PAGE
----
[me-thim-uh-zohl, -thahy-muh-]

Methimazole (also known as Tapazole) is an antithyroid drug similar in action to propylthiouracil, and part of the thioamide group.


Methimazole is a drug used to treat hyperthyroidism, a condition that usually occurs when the thyroid gland is producing too much thyroid hormone. It is also taken before thyroid surgery or radioactive iodine therapy, to lower thyroid hormone levels and minimize the effects of thyroid manipulation.

Mechanism of action

Thioamides inhibit many steps in the synthesis of thyroid hormones, including the addition of iodide to thyroglobulin by the enzyme thyroperoxidase, a necessary step in the synthesis of thyroxine.

Notably, they do not inhibit the action of the sodium-dependent iodide transporter located on follicular cells' basolateral membranes. Inhibition of this step requires competitive inhibitors such as perchlorate and thiocyanate.

Adverse effects

The chance of side effects from methimazole are about 5%. It is important to monitor any symptoms of fever or sore throat while taking methimazole; this could indicate the development of agranulocytosis, an uncommon but severe side effect resulting from a drop in the white blood cell count (specifically, neutropenia, a deficiency of neutrophils). A complete blood count (CBC) with differential is performed to confirm the suspicion, in which case the drug is discontinued. Administration of recombinant human granulocyte colony-stimulating factor (rhG-CSF) may increase recovery.

Other side effects include

  • skin rash
  • itching
  • abnormal hair loss
  • upset stomach
  • vomiting
  • loss of taste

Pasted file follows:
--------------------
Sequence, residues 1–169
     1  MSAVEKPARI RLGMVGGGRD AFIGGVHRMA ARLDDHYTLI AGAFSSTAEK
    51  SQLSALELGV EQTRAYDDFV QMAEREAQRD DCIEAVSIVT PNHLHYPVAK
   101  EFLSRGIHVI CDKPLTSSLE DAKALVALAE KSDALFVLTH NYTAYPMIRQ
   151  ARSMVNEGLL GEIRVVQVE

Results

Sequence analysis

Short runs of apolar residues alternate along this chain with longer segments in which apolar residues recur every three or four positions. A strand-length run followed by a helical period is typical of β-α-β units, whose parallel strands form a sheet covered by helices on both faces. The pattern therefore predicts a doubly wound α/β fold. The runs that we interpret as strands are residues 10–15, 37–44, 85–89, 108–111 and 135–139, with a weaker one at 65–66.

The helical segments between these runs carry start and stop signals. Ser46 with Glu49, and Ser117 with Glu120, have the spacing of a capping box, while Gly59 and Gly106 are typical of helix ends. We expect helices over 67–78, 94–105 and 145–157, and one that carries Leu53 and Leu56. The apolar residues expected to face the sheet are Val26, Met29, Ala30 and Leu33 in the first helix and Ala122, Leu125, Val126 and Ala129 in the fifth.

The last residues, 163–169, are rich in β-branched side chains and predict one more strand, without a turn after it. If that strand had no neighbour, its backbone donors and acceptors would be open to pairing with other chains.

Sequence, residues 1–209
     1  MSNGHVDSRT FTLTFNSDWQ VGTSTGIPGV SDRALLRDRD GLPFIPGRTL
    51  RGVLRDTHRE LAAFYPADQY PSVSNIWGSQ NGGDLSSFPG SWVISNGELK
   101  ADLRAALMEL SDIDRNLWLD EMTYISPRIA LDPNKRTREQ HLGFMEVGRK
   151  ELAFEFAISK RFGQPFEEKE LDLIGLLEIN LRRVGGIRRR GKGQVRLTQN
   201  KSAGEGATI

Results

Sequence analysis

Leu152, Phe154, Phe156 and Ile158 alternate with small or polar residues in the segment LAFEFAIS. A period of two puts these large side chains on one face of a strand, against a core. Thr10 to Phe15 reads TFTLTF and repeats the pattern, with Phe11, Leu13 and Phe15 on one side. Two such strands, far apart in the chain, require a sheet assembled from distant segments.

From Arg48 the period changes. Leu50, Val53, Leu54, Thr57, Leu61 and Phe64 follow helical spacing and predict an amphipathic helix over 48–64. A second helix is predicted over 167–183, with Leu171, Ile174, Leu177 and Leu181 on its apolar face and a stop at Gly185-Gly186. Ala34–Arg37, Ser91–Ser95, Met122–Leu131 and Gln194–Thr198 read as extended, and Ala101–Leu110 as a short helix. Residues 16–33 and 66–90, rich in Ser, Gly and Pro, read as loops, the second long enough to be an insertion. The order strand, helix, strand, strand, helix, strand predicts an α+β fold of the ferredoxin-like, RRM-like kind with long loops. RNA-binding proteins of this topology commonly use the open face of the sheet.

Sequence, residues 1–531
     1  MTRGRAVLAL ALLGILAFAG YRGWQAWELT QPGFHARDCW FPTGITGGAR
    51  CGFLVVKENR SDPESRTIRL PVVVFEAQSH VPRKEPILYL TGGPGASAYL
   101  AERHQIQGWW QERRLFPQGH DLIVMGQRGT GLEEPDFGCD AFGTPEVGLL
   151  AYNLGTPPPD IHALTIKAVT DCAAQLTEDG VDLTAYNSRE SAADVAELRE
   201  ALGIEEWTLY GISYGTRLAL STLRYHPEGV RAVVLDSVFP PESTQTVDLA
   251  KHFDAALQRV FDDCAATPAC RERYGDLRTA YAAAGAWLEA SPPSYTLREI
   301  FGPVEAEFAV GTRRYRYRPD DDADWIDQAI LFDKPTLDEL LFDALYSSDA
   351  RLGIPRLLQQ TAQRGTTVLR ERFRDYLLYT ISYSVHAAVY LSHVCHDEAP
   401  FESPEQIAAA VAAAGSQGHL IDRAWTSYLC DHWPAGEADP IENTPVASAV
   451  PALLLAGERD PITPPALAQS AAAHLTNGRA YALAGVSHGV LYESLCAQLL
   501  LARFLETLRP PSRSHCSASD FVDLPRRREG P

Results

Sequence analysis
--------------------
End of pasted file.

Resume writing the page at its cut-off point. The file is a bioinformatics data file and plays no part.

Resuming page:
• abnormal sensations (tingling, prickling, burning, tightness, and pulling)
  • swelling
  • joint and muscle pain
  • drowsiness
  • dizziness
  • decreased white blood cells
  • decreased platelets

Drug interactions

Adverse effects may occur for individuals who:

  • Take anticoagulants ('blood thinners') such as warfarin (Coumadin), beta blockers such as propranolol (Inderal), diabetes medications, digoxin (Lanoxin), theophylline (Theobid, Theo-Dur), and vitamins.
  • Have ever had any blood disease, such as decreased white blood cells (leukopenia), decreased platelets (thrombocytopenia), or aplastic anemia, or liver disease (hepatitis, jaundice).
  • Pregnant, or going to become pregnant, or are breast-feeding. An alternative anti-thyroid drug, propylthiouracil is often substituted during pregnancy or breast-feeding. If pregnancy occurs while taking methimazole, switching to propylthiouracil may be an alternative. Early studies suggested that methimazole may harm the fetus, although more recent studies suggest this may not be the case.
  • Are going to have surgery, including dental surgery.

See also

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